I also suggest that if you use our candles with other fuels paint your candle  (paint is more permanent than a mark) for easy identification. Our favorite fuel is Liquid paraffin or some call it paraffin oil. Recently I have been keeping  one candle for use with Grain Alcohol for lunches at the shop, this way I can cook faster as the flame burns hotter and cleaner although the flame is very hard to see. When warming foods in a can like soup, beans or boiling water use a lid of some kind set so that it can vent or you will never reach a boil.

Filling the candles:
Remove the lid and while holding the candle firmly on a flat surface with one hand, grasp the key ring that is inside the mouth of the candle with the other hand and give it a short, but sharp Jerk; the insert will POP out. Fill the candle with fuel, replace insert pushing it in till it snaps into place, then replace the lid or light and enjoy.

Liquid Paraffin fuel-filled candles can also be stored in many locations for long or short term. Some of my candles have 5 year old liquid paraffin and they still light at the first flame from a match. I keep one out in our storage shed. In the middle of summer, the shed can reach 100 degrees or hotter on the south wall and the candle has never swelled or oozed fuel. While in the middle of an ice storm the temperature can drop to below zero and I can still light the candle. The paraffin is almost a solid but I can take it and light it. If the flame is real low all I have to do is shake it and the flame grows, this will happen three to five times with the flame slowly getting bigger as the paraffin starts to warm, it will continue to burn from there.
We don’t keep these candles on a shelf for decorations as all our decorative candles are glass and their paraffin is five years old and still lights the first time-every time. We store these candles with our emergency kit and camping supplies. We use them all the time in the shop for small heating jobs such as shrinking shrink tubing.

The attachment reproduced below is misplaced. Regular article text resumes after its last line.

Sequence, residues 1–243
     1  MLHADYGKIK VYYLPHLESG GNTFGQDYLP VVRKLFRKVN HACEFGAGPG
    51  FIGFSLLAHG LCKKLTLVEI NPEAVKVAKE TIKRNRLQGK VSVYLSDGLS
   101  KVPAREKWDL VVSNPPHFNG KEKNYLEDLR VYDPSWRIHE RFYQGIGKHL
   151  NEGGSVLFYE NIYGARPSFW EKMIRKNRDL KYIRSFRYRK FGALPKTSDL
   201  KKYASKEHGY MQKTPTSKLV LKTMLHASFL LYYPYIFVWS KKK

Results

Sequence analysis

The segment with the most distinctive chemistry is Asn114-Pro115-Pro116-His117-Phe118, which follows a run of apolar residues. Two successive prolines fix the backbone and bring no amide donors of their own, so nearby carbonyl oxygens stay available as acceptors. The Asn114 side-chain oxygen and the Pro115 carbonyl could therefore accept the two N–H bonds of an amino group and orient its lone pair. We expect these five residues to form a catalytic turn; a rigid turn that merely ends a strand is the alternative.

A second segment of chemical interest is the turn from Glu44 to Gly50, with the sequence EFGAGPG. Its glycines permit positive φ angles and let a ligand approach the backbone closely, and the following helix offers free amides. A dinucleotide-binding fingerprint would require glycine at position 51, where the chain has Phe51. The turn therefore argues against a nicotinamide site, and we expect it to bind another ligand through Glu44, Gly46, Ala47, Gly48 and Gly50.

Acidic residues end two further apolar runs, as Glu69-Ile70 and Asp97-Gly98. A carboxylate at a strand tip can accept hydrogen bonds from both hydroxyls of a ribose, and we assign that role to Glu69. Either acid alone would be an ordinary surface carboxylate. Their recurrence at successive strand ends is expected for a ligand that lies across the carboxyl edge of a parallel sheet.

You can even store a candle in the trunk of your car or camper trailer with out the risk of rupture. The theory behind this is that if and when a metal container fails (they will over time if they become damaged in any way), what happens when it does rupture ? In our situation, will the fuel ignite upon rupture from a spark caused by the separation of steal?
Liquid Paraffin Wax is an oil with a high flash-point (200 degrees or higher) and has a low vapor point (the vapor is what lights first then the liquid). Will the vapor mixed with the oxygen in the air ignite from a spark from the can?
This is very unlikely because of the low vapor plus the spark having to be 200 degrees or hotter and have a 2% to 12% mixture to oxygen just to light the vapor making the chances very low that the right set of conditions will exist at the right time.

Here are 2 ways for heating cans that I put together in less than 15 min. The coat hanger made a grate while the hook was used on the tripod,The string is for tieing the tripod and attaching the hook , I used a P 38 can opener to remove the can lid and to put 2 slots in the side under the rim then used a screw to open the slot for the wire handle.